Samarth Mahajan subverts expectations with "Borderlands", a human-focused documentary illustrating the effects of political borders on the Indian subcontinent.
I don’t think that anyone has ever convinced me to change my mind about my political or moral beliefs by using academic theories and 25-cent vocabulary words. However, when someone tells me a personal story, I can’t help but open my mind to new thoughts and ideas. As I participate in and observe political battles on social media, I’ve also learned that it’s easier to communicate with others via storytelling rather than through theoretical explanations filled with progressive buzz-words (which will just make people mad unless they already agree with you). Naturally, then, a narrative film can easily garner sympathy from a wide audience, while a politically-charged documentary will struggle to communicate with audience members who don’t already agree with its message. This is unfortunate, since many narrative films about social justice issues often go all-in with the drama, making the audience feel like they’ve done their part just by displaying an emotional response (as in, “I thought The Help was sad so clearly I’m not racist.”) So, what are some effective strategies that filmmakers can use to educate their audience about social justice issues? Samarth Mahajan gives us some ideas with his human-centered documentary, Borderlands.
It’s strange to think that children born within the last eight years or so will develop their first memories in a world where social distancing and mask wearing are the norm. While most of us have made significant lifestyle adjustments during the pandemic, this group of children has never known anything different. We certainly hope things will have gone back to “normal” by the time this generation comes of age, but there’s no doubt that COVID-19 will have many lasting effects on the world. In the short film “6,480 Days,” writer/director Ran Slavin imagines a future in which the lockdown never ended, and the virus is still a very real threat. The narrator, a young man born sometime after the initial outbreak, reflects on the pre-pandemic world he never knew. But like any good post-apocalyptic vision, “6,480 Days” has a lot more to say about our current fears and attitudes than those of future generations.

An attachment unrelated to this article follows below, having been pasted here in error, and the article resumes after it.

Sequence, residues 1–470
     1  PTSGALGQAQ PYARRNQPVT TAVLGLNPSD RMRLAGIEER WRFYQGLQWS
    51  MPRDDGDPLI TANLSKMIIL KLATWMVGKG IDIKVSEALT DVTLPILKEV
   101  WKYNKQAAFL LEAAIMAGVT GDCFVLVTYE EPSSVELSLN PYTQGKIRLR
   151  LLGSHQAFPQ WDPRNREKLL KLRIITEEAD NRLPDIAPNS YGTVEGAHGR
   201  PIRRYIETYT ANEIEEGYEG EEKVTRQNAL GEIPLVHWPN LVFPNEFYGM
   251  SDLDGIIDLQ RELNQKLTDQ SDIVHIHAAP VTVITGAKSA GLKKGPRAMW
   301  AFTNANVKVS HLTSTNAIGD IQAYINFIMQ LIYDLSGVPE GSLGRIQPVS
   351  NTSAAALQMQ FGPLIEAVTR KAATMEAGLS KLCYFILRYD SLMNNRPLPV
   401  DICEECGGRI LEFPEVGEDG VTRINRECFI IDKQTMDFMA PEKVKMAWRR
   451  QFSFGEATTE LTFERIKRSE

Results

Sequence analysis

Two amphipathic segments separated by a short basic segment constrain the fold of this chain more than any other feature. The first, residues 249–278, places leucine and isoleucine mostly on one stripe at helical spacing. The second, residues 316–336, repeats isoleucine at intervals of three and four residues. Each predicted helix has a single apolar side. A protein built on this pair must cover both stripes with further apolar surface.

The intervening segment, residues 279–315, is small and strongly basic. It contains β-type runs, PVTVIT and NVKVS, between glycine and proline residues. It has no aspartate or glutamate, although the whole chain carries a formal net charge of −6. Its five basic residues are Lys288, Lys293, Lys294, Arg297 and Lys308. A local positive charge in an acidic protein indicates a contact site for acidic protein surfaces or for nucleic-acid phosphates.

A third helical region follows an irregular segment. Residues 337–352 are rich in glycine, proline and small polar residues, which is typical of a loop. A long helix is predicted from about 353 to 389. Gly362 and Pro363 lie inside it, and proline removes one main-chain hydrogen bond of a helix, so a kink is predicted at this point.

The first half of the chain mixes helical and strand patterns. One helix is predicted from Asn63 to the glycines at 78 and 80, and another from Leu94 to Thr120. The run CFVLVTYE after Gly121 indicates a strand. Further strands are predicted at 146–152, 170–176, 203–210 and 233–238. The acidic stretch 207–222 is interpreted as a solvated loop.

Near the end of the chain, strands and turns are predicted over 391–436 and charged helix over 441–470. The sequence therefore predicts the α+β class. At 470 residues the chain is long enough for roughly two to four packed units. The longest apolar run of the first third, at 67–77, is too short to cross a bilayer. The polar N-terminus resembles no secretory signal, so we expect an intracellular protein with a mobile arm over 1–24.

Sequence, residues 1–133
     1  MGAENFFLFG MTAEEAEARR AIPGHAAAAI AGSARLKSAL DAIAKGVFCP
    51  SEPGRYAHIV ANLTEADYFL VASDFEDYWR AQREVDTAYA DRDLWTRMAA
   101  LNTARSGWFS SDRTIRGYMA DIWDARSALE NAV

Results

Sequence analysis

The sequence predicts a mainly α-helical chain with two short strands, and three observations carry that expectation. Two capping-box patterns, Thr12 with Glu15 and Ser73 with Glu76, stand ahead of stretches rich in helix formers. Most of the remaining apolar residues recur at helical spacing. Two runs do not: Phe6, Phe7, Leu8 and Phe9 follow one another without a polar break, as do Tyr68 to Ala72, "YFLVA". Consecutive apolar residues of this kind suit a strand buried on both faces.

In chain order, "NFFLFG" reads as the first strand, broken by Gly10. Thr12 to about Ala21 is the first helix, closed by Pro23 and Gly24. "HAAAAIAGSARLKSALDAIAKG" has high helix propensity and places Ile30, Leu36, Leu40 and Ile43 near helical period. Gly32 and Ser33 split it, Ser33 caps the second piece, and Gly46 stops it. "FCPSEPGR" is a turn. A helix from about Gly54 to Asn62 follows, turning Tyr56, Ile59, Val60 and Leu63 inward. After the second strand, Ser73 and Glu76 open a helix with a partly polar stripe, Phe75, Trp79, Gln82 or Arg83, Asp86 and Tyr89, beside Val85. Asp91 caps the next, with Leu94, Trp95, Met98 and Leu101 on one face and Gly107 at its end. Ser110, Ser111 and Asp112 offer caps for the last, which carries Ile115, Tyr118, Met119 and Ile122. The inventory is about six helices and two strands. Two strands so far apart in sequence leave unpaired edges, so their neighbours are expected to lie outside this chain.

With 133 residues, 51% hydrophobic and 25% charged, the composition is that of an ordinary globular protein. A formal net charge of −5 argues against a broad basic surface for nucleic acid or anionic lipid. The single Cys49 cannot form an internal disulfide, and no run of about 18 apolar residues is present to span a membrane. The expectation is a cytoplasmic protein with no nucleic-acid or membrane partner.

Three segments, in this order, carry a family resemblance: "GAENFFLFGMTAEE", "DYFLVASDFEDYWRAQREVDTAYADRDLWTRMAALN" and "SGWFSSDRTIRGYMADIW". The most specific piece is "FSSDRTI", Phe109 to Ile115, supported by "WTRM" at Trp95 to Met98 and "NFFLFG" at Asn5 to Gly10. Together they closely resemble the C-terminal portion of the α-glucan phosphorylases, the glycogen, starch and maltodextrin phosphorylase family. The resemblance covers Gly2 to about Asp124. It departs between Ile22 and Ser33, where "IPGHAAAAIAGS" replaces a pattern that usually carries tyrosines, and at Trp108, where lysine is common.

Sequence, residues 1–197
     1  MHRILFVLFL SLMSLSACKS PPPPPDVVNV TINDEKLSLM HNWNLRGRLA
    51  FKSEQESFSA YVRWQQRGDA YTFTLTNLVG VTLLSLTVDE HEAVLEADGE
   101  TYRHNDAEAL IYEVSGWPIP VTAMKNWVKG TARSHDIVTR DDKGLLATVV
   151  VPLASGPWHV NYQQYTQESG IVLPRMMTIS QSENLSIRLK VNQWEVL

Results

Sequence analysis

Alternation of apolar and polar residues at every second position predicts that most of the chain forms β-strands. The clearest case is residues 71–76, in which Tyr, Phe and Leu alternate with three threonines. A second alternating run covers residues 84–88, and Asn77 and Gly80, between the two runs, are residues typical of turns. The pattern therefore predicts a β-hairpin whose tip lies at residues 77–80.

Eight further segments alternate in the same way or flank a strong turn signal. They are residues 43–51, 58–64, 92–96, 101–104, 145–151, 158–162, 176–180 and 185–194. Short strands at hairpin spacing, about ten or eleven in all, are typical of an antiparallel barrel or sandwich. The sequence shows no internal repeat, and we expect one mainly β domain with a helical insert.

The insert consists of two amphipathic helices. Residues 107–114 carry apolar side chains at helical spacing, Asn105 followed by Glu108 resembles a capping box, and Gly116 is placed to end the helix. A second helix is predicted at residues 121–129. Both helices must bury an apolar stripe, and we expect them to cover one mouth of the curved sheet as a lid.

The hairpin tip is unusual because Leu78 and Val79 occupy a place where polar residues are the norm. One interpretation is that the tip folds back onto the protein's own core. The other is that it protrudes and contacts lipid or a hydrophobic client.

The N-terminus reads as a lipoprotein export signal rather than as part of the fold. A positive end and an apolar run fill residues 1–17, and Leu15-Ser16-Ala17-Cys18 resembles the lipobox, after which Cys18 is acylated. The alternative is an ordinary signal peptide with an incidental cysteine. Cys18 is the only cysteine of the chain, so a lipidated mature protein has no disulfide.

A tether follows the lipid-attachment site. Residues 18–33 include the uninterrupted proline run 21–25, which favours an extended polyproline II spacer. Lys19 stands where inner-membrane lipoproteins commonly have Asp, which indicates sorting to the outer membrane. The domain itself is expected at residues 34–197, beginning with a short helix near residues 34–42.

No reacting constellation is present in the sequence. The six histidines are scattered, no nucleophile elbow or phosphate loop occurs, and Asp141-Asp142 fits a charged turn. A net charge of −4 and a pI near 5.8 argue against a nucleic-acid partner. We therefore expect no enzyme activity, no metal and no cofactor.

Nature documentary “Awaken” is a magnificent cinematic experience, reminding us that humankind is part of a much larger narrative.
Press materials for Tom Lowe’s Awaken describe the film as a documentary that explores “humanity's relationship with technology and the natural world.” Although I didn’t realize it until I was halfway through the film, this description set me up to expect a depressing film about climate change. Of course, it’s more important than ever to educate ourselves on the reality of climate change, but Lowe doesn’t use depressing imagery and horrific statistics to send a message about preserving nature. By using breathtaking montages of our planet’s most exquisite sights, Lowe puts nature itself at the center of the story and positions humanity as an integral part of the natural world rather than an inherently destructive force. The visually stunning and immersive documentary sends a hopeful message of renewal while reminding us of our responsibility as Earth’s caretakers.
Refreshing political doc “Kid Candidate” goes beyond the unconventional candidacy to call out corruption in local government.
Originally published on Elements of Madness.
As literature and media consumers, we’re accustomed to reading stories that fit neatly into one of a few familiar narrative templates. Regardless of genre, even the most unique original screenplays can be reduced down to a basic plot formula that we’ve already encountered a million times (according to author Christopher Booker, there are in fact 7 basic plots, hence the title of his 2004 book). The hero’s journey, for one, is proven cinematic gold, as we’ve seen with the Marvel franchise’s takeover of 21st century cinema. This plot structure not only provides us with a thrilling adventure, but it allows us to indulge in the possibility that we, too, could one day be a hero. With social media personalities plastered all over our screens, it’s nice to escape into a fantasy world where the most ordinary people get the chance to prove their moral strengths. This is the kind of fantasy that screenwriter Tom O'Connor created in his Cold War espionage thriller, The Courier. Working with director Dominic Cooke, O'Connor pulls together a variety of historical sources to craft a classic based-on-true-events story that reminds us why we keep going back to the movies.
Outside of a few unfortunate parallels to current events, “Rams” is a quaint comedy/drama with a delightful cast.
Director Jeremy Sims brings together the talents of Sam Neill, Michael Caton, and Miranda Richardson in Rams, his English-language remake of the 2015 Icelandic film, Hrútar. Rams centers around feuding brothers Colin and Les Grimurson (Neill and Caton, respectively), who have been engaged in a silent-treatment standoff for decades as they keep separate flocks of sheep on opposite sides of their family land. After Les wins the local ram judging contest, Colin and the local vet, Kat (Richardson), make a life-altering discovery. Les’s prize-winning ram is infected with Ovine Johne’s disease, a deadly bacterial disease that could easily wipe out all the local herds. The community’s agricultural department orders all farmers in the area to eliminate their flocks and undergo extreme decontamination procedures, effectively destroying the town’s main source of income. While Les responds by lashing out in drunken rages, Colin devises a secret plan to hold on to his family’s specially bred sheep for a little while longer. At the risk of losing the things they love most, Colin and Les must figure out how to reconcile their differences in the face of unexpected changes and grief.